She didn’t speak to me on the way. I could tell by the way she was gnawing her bottom lip that she was thinking about the problem, looking for a logical explanation. The trip to the phone place was probably more to buy time to figure out what to do than because she believed me.
We parked in our usual section and went in the door closest to the yogurt shop. As we got closer, I started looking for the Allbrands sign. I didn’t see it. Could they be closed on Mondays? We were directly across from the yogurt place and there was no phone shop, only the painted screen that makes it look like there is a store there.
“Excuse me,” Mom said to the lady behind the yogurt counter, “But do you know if that mobile phone store across the mall from has moved to another space?”
“Mobile phones? There’s never been any mobile phone place over here. Can I get you some yogurt?”
“No, thanks.”
Maybe now my mother would believe me.

No App for That, Part 3

“Okay. I’m sure they’ve just moved. Or closed down. Let’s go look at the directory.” She grabbed my wrist and hurried me down the corridor.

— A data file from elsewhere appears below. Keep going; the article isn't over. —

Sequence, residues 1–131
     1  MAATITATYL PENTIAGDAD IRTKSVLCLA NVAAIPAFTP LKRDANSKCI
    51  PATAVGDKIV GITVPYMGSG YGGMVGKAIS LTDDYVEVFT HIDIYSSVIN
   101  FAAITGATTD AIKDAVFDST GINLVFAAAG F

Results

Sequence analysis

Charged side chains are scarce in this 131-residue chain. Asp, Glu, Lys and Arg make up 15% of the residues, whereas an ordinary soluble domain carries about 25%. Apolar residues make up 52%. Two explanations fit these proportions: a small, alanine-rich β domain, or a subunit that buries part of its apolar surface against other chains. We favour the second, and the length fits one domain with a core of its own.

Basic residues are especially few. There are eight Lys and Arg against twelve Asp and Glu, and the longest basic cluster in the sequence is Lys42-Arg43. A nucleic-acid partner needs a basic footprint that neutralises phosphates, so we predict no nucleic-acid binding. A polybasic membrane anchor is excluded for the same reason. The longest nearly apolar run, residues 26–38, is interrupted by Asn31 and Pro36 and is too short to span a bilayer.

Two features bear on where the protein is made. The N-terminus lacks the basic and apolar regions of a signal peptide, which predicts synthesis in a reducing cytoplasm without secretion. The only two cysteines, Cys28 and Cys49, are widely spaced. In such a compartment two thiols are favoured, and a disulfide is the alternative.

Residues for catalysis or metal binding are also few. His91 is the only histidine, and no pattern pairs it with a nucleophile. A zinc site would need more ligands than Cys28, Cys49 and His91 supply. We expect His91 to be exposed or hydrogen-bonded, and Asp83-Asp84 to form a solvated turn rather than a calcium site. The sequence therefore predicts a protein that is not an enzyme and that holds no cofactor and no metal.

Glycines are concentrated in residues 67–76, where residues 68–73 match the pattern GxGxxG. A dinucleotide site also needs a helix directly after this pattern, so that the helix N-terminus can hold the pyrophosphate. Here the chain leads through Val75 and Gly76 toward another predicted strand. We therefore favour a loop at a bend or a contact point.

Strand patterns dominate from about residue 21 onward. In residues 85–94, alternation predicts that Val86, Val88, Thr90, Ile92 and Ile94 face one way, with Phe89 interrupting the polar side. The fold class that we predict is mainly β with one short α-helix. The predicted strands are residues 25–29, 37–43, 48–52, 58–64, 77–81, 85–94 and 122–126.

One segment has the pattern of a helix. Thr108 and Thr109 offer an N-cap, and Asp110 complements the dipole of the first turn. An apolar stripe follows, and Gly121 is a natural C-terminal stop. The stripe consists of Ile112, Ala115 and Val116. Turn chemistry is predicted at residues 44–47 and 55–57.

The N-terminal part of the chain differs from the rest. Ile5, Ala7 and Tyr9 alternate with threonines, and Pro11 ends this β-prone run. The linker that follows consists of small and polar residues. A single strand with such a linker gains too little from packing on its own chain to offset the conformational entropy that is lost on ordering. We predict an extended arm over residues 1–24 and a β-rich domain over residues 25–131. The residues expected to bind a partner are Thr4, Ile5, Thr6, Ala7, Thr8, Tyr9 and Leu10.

“But Mom – you heard what the lady said.”
“She may be new and just not know. Or she may not care.”
We stopped in front of the “You Are Here” directory and map. Mom read the name of every business in the mall. Three times. I didn’t bother. I knew there would be no listing for Allbrands Refurbished Phones.
“I put the paperwork in the glovebox,” she said. “It’s still in the car. That’s bound to have a phone number on it.”
She marched us out to the parking lot and hunted furiously through the glovebox and under the seats. “It has to be here somewhere,” she muttered.